Part-2 Functionality and why trademark, why not patent?
In my previous article, I discussed how a mark/color/feature cannot attain a trademark registration if the color/feature is the essential element of the product and it will require other manufacturers of similar products to spend more money to get the basic function in their goods/services.
This was the question that was raised by the Examining Attorney (EA) of the USPTO in the office action. The EA argued that the blue rings of Alexa were not serving as a source identifier and was merely a functional feature of the device. It was merely an indication that the device was performing a function. EA compared the blue ring with the “buffering-circle” that is indicative that a software or application is loading. Thus, the consumers would not exclusively relate the blue rings to the device, Alexa. Amazon, in its response, submitted that while deciding whether a mark should be registered as a trademark or not, the commercial impression of the mark is taken into consideration. Amazon argued that the commercial impression of the blue ring over a cylindrical figure was indicative of the Echo/Alexa, a personal assistant introduced by Amazon Technologies. The Applicant, further, draws a similarity with Apple’s “Siri”, which has a similar registration over its personal assistant.
Further, claiming color as a source identifier was very popularly discussed in Qualitex Co v Jacobson Products Co, where it was held that a color may be registered as a trademark, if it serves as a source-identifier, or if has acquired a secondary meaning among the consumers. In this case, the defendant here argued that the color of the dry-cleaning pads was a functional feature since it covered up the bronze marks left behind by iron, whereas the applicant argued that the golden-green pads were recognized as only produced by Qualitex Co.
Other famous marks that may be considered functional, but are now registered trademarks are “Hershey’s chocolate bar” design. Hershey Chocolate and Confectionary Corporation tried to trademark the design of its chocolate bar, which was opposed by the EA. The EA produced an expired patent on the design. However, in today’s date, Hershey successfully defends its trademark for its chocolate bar design. (You may find the application here). Few other quasi-functional famous trademarks are the three-pronged water spray of a Yamaha jet ski and the vertical flipping doors of a Ferrari, Microsoft’s registered trademark for the rectangular shaped curved sides (cancelled registration in 2014), the X-box’s glowing ring. Similar to Amazon’s description of the blue ring lighting up, and not describing that it lights up when it is taking instructions from the user, X-box 360’s console ring (here, and here) did not mention that the ring glowed to show connection to a controller or glowed red when there was an error.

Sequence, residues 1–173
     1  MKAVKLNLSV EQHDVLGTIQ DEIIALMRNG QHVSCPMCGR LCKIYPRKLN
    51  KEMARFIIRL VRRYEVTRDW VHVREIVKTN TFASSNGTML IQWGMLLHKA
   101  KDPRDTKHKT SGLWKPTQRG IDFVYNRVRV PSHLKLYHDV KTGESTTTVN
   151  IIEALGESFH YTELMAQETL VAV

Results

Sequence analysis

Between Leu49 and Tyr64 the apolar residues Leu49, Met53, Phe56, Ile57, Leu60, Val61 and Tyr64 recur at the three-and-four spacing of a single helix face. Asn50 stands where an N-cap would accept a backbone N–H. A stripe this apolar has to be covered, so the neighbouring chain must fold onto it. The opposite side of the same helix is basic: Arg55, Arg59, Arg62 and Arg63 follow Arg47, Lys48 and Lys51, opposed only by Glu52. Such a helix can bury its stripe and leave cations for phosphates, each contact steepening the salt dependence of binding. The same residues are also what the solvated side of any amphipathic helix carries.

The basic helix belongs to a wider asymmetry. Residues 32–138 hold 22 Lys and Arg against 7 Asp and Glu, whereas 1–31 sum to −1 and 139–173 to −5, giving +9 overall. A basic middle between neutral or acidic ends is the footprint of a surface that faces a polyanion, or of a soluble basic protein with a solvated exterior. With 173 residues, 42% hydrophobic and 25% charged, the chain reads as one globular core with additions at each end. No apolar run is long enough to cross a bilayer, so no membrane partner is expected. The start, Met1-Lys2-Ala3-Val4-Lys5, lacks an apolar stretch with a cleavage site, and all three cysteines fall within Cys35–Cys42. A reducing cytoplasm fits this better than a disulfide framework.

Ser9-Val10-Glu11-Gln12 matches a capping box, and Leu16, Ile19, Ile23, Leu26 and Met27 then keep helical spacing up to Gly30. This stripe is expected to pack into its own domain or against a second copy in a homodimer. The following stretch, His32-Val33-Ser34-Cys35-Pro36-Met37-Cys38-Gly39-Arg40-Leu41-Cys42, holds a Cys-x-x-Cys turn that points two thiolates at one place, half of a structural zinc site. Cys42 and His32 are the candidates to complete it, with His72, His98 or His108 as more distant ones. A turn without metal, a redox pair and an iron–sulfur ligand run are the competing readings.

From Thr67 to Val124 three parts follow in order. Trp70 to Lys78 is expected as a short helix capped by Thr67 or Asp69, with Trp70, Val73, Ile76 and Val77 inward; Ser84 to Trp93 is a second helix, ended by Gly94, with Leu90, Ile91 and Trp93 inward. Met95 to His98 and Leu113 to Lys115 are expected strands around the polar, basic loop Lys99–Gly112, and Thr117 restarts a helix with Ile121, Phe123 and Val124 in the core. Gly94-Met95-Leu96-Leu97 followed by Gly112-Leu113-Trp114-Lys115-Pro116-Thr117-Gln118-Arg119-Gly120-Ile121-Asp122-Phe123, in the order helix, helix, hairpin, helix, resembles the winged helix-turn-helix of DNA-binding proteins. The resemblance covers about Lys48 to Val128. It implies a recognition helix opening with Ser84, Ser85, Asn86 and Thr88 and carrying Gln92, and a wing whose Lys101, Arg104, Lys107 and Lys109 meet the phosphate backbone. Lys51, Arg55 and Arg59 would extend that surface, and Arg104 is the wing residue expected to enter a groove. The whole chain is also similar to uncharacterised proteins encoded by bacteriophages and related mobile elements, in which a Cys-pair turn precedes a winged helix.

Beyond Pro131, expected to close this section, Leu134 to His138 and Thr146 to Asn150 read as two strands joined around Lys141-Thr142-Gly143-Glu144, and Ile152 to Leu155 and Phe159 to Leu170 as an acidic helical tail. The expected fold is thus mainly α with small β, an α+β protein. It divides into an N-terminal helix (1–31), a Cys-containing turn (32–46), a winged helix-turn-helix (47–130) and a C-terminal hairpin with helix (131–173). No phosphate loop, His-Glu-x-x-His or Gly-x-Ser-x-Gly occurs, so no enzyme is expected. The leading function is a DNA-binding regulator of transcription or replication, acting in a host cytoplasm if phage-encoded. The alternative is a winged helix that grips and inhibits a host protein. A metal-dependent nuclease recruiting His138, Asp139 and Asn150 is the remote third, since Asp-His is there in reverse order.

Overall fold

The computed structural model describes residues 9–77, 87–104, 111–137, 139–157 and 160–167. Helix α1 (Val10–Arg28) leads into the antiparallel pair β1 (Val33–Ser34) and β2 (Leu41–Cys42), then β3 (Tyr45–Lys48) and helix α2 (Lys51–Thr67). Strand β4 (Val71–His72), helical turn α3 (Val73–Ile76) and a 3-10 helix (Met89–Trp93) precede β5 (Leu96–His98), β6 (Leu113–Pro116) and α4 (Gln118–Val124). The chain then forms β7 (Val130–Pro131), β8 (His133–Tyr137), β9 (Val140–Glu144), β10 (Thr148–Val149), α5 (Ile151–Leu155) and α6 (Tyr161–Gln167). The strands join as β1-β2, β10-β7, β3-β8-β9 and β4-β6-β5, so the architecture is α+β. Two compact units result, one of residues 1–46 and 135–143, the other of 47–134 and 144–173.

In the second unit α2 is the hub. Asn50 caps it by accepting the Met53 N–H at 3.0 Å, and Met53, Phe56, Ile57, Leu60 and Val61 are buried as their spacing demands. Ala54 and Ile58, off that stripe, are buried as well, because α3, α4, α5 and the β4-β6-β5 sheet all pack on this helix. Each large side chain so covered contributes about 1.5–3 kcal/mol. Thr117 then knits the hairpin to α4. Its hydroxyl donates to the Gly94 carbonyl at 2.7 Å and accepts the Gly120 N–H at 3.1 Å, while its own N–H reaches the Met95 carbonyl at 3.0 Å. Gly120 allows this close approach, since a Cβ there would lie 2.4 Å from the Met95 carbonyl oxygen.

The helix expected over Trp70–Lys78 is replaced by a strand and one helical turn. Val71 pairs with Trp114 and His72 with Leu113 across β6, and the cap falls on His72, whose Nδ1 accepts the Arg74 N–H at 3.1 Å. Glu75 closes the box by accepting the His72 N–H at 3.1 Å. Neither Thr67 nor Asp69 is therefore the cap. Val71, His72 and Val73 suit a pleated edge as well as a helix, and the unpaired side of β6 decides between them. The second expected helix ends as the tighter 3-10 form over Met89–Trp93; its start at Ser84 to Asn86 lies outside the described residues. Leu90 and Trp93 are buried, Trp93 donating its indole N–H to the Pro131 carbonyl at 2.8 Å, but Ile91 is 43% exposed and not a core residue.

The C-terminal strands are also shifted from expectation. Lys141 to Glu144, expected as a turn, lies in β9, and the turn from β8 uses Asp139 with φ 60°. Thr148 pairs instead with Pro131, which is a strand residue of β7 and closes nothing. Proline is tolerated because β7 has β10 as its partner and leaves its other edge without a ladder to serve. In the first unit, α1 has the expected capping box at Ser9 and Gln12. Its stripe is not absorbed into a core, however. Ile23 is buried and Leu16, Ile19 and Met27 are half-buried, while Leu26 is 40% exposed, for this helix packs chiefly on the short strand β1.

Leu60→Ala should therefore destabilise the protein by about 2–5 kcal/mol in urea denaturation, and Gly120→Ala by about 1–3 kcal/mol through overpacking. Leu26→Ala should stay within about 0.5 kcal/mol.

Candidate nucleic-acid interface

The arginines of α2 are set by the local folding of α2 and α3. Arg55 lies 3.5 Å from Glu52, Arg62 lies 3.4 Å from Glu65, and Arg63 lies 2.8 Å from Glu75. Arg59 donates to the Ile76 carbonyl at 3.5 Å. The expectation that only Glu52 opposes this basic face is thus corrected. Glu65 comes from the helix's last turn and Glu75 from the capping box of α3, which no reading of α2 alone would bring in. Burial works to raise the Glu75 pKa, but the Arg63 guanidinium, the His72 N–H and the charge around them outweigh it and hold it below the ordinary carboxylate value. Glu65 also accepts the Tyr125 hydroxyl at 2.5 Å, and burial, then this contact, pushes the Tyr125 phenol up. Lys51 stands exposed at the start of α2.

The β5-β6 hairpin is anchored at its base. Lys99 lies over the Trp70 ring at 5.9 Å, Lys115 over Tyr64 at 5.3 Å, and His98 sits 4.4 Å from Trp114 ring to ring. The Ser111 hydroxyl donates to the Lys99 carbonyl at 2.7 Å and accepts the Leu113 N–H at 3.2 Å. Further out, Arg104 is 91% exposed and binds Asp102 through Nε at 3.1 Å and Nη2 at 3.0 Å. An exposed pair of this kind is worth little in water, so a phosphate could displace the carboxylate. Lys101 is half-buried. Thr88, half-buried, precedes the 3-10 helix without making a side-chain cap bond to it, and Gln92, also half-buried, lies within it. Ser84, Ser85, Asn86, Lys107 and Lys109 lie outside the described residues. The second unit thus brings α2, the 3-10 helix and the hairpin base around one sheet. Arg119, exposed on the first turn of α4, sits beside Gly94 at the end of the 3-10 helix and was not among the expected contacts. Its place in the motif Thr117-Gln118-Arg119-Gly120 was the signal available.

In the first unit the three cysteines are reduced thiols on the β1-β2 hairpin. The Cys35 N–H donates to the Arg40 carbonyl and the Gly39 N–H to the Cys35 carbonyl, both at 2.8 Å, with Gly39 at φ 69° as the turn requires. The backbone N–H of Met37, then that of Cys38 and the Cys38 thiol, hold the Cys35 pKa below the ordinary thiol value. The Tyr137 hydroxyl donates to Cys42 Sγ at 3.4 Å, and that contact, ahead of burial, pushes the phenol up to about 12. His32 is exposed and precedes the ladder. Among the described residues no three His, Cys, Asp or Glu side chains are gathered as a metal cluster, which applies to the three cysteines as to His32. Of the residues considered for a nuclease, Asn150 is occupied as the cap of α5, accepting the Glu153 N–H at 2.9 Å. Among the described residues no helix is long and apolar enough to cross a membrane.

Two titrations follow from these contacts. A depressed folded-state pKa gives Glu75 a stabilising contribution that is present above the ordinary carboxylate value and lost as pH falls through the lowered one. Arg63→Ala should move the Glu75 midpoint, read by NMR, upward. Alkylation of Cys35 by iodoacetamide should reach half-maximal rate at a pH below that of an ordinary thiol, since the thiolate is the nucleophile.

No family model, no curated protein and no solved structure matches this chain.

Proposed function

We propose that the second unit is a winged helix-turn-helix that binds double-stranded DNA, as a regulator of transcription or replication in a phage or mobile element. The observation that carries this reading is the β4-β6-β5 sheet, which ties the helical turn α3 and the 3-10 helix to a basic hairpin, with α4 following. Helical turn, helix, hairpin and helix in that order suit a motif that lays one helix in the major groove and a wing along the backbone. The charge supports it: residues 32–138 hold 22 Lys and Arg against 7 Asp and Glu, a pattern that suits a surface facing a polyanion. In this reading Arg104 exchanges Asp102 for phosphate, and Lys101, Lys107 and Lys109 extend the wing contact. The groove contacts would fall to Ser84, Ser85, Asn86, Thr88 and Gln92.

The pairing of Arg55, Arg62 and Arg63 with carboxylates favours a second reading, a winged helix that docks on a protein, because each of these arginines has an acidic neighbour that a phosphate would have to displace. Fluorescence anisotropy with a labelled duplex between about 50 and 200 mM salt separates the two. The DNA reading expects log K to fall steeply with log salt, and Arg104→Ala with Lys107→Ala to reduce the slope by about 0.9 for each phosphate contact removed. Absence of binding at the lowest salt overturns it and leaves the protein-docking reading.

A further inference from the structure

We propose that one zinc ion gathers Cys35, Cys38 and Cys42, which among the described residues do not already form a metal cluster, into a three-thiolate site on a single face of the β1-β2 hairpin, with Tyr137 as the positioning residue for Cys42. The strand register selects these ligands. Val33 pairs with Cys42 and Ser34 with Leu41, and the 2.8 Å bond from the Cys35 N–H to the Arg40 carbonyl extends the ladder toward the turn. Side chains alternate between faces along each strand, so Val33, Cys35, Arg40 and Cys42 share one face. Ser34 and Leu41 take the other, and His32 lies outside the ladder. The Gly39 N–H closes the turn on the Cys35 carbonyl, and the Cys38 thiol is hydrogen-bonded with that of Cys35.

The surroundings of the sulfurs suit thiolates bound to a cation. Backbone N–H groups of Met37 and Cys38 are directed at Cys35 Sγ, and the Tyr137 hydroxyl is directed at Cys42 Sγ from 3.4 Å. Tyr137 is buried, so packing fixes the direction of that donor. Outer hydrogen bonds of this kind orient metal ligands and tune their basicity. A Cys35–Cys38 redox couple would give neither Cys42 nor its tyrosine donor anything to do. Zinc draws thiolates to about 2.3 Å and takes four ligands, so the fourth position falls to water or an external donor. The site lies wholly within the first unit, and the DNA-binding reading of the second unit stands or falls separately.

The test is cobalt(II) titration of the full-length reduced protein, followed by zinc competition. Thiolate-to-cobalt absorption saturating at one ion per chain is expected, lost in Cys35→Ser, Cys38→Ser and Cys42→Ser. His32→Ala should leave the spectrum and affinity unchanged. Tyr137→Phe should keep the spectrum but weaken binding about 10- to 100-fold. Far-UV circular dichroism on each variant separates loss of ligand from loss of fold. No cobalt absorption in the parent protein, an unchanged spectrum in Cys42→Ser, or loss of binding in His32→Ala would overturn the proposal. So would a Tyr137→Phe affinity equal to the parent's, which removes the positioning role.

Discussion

Why trademark, why not patent
A patent may be defined as a grant by the USPTO that allows the patent holder to maintain a monopoly for a limited period of time on the use and development of an invention. Amazon could have filed for a utility patent over the blue ring. A utility patent may be granted to a new, non-obvious, useful invention that falls into one of the five categories- a process, a machine, a manufacture, a composition of matter, or an improvement of an existing idea. A utility patent is valid for a period of 20 years. If Amazon did file a utility patent for its artificially intelligent Alexa, it would not be able to renew the device after a period of twenty years. Amazon wants to establish a brand image of Echo, as it has done for kindle. This could be done only trademarking it. Further, the benefit of a trademark is that it will be alive as long as the Registrant wants to keep it alive, that is, as long as Amazon keeps using the “blue ring” for its Alexa devices, the trademark for the blue rings will be alive on the USPTO Register. This period may very well be more than twenty years or not. It is difficult to trademark user interface and that’s why companies choose to patent the user interfaces, as user interfaces are real world utility items, which cannot be trademarked by an organization.
The response submitted by Amazon has been accepted by the EA and Amazon is awaiting the publication of its mark on October 03, 2017. Once the mark is published, and there is no opposition to the mark, the mark will attain registration and Amazon would be able to protect the blue rings from any kind of infringement by any party. Once and if, Amazon attains registration, it will not be able to stop any other manufacturer from manufacturing a moving/lighting up circle, but it would definitely be able to protect the trademark if anyone else tries to place such a glowing/moving/lighting up circle on the top of a cylindrical device for a personal assistant device.
P.S. You can watch the Amazon Echo commercial video here.
Sanghmitra Sahai is a licensed Indian Attorney who earned her Master of Laws in Intellectual Property from George Washington University Law School. She has a Bachelor of Laws and Bachelor of Business Administration (BBA-LLB) degree from Symbiosis Law School, Pune (India). After graduating in 2014 from Symbiosis Law School, she worked as a Trademarks Associate Attorney at one of the top IP law firm in India. During her free time, Sanghmitra loves to solve Su-doku and Kakuro puzzles.